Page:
Art & Entertainment | Book Reviews | Education | Entertainment Video | Health | Lifestyle | Sport | Sport Video | Search

 


New Zealand’s most loved beach – vote on the final three

Media Release: 7 March 2014
New Zealand’s most loved beach – vote on the final three
With close to half a million votes and more than 35,000 participants, New Zealand’s most loved beach is close to being selected.

From a list of more than 200 popular beaches, including favourites submitted by participants, New Zealand Facebook users have voted on their most loved beaches and have selected their top three:

• Matai Bay – Karikari Peninsula, Northland.

• Whangamata Beach – Coromandel Peninsula

• Ohope Beach – Eastern Bay of Plenty

AA General Manager Membership and Brand Dougal Swift says the initiative provided people with a chance to exhibit passion for their favourite spots throughout the country.

“People have posted some of their own beach photos on the AA Facebook page and sometimes have provided some very specific instructions to find what they say are the best spots.”

Some beaches seem to be loved because they’re extremely accessible and popular, others because they’re tiny and isolated and few people know about them beyond the locals.

“From some of the descriptions and memories people have posted, it’s clear there really is a lot to love about our beaches and I hope that people have got a few fresh ideas about where they should explore.”

People can now vote on the favourite beach out of the top three.

Eliminated from the top 10 were:

• Caroline Bay – Canterbury

• Kaiteriteri Beach – Tasman

• Castlepoint – Welling

• Back Beach – Taranaki

• Bruce Bay – West Coast

• St Clair Beach – Otago

• Tawharanui – Auckland

New Zealand’s most loved beach will be announced early next week.

To participate, go the AA New Zealand page on Facebook.


Ends

© Scoop Media

 
 
 
 
 
Culture Headlines | Health Headlines | Education Headlines

 
Scoop Review Of Books: Q&A: Prue Hyman On ‘Hopes Dashed?’

For Scoop Review of Books, Alison McCulloch interviewed Prue Hyman about her new book, part of the BWB Texts series, Hopes Dashed? The Economics of Gender Inequality More>>

Gordon Campbell: On Chuck Berry (And James Comey, And Bill English)

Back when many people were still treating rock’n’roll as a passing fad – was calypso going to be the new thing? – Chuck Berry knew that it had changed popular music forever. What is even more astonishing is that this 30-ish black r&b musician from a middle class family in St Louis could manage to recreate the world of white teenagers, at a time when the very notion of a “teenager” had just been invented. More>>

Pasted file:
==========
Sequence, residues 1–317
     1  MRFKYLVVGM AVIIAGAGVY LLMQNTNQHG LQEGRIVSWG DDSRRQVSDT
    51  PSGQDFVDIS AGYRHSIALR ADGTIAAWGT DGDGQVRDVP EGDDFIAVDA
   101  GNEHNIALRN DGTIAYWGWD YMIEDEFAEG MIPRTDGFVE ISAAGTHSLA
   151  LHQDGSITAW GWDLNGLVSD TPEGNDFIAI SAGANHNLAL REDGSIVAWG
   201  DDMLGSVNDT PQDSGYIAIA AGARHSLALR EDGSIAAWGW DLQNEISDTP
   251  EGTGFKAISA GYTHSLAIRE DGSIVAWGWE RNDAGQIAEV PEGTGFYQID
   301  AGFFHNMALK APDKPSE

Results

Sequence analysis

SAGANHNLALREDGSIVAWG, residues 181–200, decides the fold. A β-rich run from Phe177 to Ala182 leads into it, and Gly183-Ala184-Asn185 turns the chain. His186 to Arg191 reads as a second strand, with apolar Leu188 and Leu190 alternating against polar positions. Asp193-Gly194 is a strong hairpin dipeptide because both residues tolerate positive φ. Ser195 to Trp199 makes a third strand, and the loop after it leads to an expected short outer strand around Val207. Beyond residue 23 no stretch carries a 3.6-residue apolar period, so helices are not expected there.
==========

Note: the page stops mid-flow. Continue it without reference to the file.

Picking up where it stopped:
Howard Davis Review:
The Baroque Fusion Of L'arpeggiata

Named after a toccata by German composer Girolamo Kapsberger, L'Arpeggiata produces its unmistakable sonority mainly from the resonance of plucked strings, creating a tightly-woven acoustic texture that is both idiosyncratic and immediately identifiable. Director Christina Pluhar engenders this distinctive tonality associated with the ensemble she founded in 2000 by inviting musicians and vocalists from around the world to collaborate on specific projects illuminated by her musicological research. More>>

African Masks And Sculpture: Attic Discovery On Display At Expressions Whirinaki

Ranging from masks studded with nails and shards of glass to statues laden with magical metal, the works are from ethnic groups in nine countries ranging from Ivory Coast to the Democratic Republic of the Congo. More>>

Obituary: Andrew Little Remembers Murray Ball

“Murray mined a rich vein of New Zealand popular culture and exported it to the world. Wal and Dog and all the other Kiwi characters he crafted through Footrot Flats were hugely popular here and in Australia, Europe and North America." More>>

ALSO:

Organised Choas: NZ Fringe Festival 2017 Awards

Three more weeks of organised chaos have come to an end with the Wellington NZ Fringe Arts Festival Awards Ceremony as a chance to celebrate all our Fringe artists for their talent, ingenuity, and chutzpah! More>>

ALSO:

Wellington.Scoop: Wellington Writer Wins $US165,000 Literature Prize

Victoria University of Wellington staff member and alumna Ashleigh Young has won a prestigious Windham-Campbell Literature Prize worth USD$165,000 for her book of essays Can You Tolerate This? More>>

ALSO:

Scoop Review Of Books: We’re All Lab Rats

A couple of years ago, there were reports that Silicon Valley executives were sending their children to tech-free schools. It was a story that dripped of irony: geeks in the heart of techno-utopia rejecting their ideology when it came to their own kids. But the story didn’t catch on, and an awkward question lingered. Why were the engineers of the future desperate to part their gadgets from their children? More>>

  • CensusAtSchool - Most kids have no screen-time limits
  • Netsafe - Half of NZ high school students unsupervised online
  • Get More From Scoop

     
     

    LATEST HEADLINES

     
     
     
     
    Culture
    Search Scoop  
     
     
    Powered by Vodafone
    NZ independent news